WillEconomistGMAT wrote:

NvrEvrGvUp wrote:

WillEconomistGMAT wrote:

Just a brief thought on this one.

In the first problem, we are only worried about the chances of Jane's perfect dive, assuming that she does dive. So, the outcomes in which either of the first two divers gets a perfect score are ignored.

In the second problem, any outcome in which a 1 is rolled within the first 3 rolls counts. So, we don't ignore the outcomes in which a 1 is rolled first or second.

I hope that helps!

I'm confused on the exact two problems above as well. Even after readying your explanation Will, I'm still not quite sure why the methodology to solve the two problems is different.

Perhaps I am misinterpreting you when you say "methodology." I would say the methodology is the same in both problems. However, in the first you are solving for one chain of events (two less-than-perfect dives followed by a perfect), and in the second you are solving for three separate chains (1 on the first roll, 1 on the second roll, or 1 on the third roll). Each of the chains in the second problem is mutually exclusive (e.g. if you roll a 1 on the first roll, you never make the second or third roll).

Does that help? If not, maybe you can elaborate on the methodology question.

But can't you make that exact same argument for the first problem? That, if someone has a perfect dive (1/5 probability) on the first dive, that you never make the second or third dive?

Perhaps I am misinterpreting you when you say "methodology." I would say the methodology is the same in both problems. However, in the first you are solving for one chain of events (two less-than-perfect dives followed by a perfect), and in the second you are solving for three separate chains (1 on the first roll, 1 on the second roll, or 1 on the third roll). Each of the chains in the second problem is mutually exclusive (e.g. if you roll a 1 on the first roll, you never make the second or third roll).

Does that help? If not, maybe you can elaborate on the methodology question.

But can't you make that exact same argument for the first problem? That, if someone has a perfect dive (1/5 probability) on the first dive, that you never make the second or third dive?

Indeed. But the question asks "If Jane is the third diver to dive..." So, to calculate her chances of success when she dives third, you must assume that she dives third. The antecedent of a conditional like this is always treated as true on the GMAT.
_________________

Re: Two combinatorics problems that are solved differently, help [#permalink]

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07 Nov 2013, 20:52

WillEconomistGMAT wrote:

NvrEvrGvUp wrote:

WillEconomistGMAT wrote:

Perhaps I am misinterpreting you when you say "methodology." I would say the methodology is the same in both problems. However, in the first you are solving for one chain of events (two less-than-perfect dives followed by a perfect), and in the second you are solving for three separate chains (1 on the first roll, 1 on the second roll, or 1 on the third roll). Each of the chains in the second problem is mutually exclusive (e.g. if you roll a 1 on the first roll, you never make the second or third roll).

Does that help? If not, maybe you can elaborate on the methodology question.

But can't you make that exact same argument for the first problem? That, if someone has a perfect dive (1/5 probability) on the first dive, that you never make the second or third dive?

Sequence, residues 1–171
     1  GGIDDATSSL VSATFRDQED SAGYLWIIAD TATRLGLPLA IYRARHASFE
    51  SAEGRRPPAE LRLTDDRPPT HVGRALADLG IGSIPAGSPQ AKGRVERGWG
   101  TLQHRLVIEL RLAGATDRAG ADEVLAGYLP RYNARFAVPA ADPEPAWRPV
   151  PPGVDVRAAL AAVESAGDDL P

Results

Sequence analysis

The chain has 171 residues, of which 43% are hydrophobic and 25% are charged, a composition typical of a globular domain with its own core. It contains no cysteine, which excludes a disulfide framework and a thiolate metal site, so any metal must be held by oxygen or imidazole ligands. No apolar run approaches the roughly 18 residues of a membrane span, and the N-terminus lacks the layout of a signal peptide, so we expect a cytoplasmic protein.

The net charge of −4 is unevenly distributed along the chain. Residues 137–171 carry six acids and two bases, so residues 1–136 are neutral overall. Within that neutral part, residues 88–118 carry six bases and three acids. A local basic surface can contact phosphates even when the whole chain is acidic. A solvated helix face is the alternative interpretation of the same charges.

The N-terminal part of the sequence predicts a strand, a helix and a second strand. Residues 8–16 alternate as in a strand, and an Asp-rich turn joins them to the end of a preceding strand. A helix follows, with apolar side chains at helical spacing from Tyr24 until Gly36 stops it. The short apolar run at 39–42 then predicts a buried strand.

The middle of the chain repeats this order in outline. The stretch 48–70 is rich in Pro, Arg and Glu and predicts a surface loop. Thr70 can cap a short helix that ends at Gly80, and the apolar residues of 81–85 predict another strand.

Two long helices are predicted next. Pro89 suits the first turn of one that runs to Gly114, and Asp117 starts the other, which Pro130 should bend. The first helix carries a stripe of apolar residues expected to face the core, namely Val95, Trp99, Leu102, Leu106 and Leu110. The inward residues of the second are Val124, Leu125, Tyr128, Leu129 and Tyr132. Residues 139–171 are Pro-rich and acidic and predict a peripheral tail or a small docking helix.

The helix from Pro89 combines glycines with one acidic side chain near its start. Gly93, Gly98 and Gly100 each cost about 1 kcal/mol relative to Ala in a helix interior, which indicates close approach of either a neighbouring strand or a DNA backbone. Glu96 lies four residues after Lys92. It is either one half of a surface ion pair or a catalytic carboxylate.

Indeed. But the question asks "If Jane is the third diver to dive..." So, to calculate her chances of success when she dives third, you must assume that she dives third. The antecedent of a conditional like this is always treated as true on the GMAT.

Right, I had started to see this antecedent is what set the former apart from the latter problem.

Still, I'm missing "something" because I still don't understand why the diving problem shouldn't be solved as the OP said:

Quote:

Using that logic the first problem should have been solved by multiplying the odds of the first diver getting a perfect score (1/5) and then adding to that the odds of the 2nd diver getting a perfect score, multiplied by their odds of getting something else (1/5)(4/5) and then adding to that the odds that the first and second divers don't get a perfect score, multiplied by the odds that she does get a perfect score (1/5)(4/5)(4/5), so the answer should be 61/125.

If this 61/125 is not the probability of her getting that perfect score, is it just a meaningless number? Or what is this?

or

Maybe this would help: how could we manipulate the diving problem SO THAT we have to use the above approach?

Sorry if this is confusing as hell, my brain is in pain from this chapter...

In a diving competition, each diver has a 20% chance of a perfect dive. The first perfect dive of the competition, but no subsequent dives, will receive a perfect score. If Janet is the third diver to dive, what is her chance of receiving a perfect score? (Assume that each diver can perform only one dive per turn).

D. 16/125: In order for Janet to receive a perfect score, neither of the previous two divers can receive one. Therefore, you are finding the probability of a chain of three events: that diver one will not get a perfect score AND diver two will not get a perfect score AND Janet will get a perfect score. Multiply the probabilities: 4/5 x 4/5 x 1/5 = 16/125.The probability is 16/125 that Janet will receive a perfect score.

But here's another problem that's identical and is solved completely differently:

Molly is rollling a number cube with faces numbered 1 to 6 repeatedly. When she receives a 1, she will stop rolling the cube. What is the probability that Molly will roll the die less than 4 times before stopping?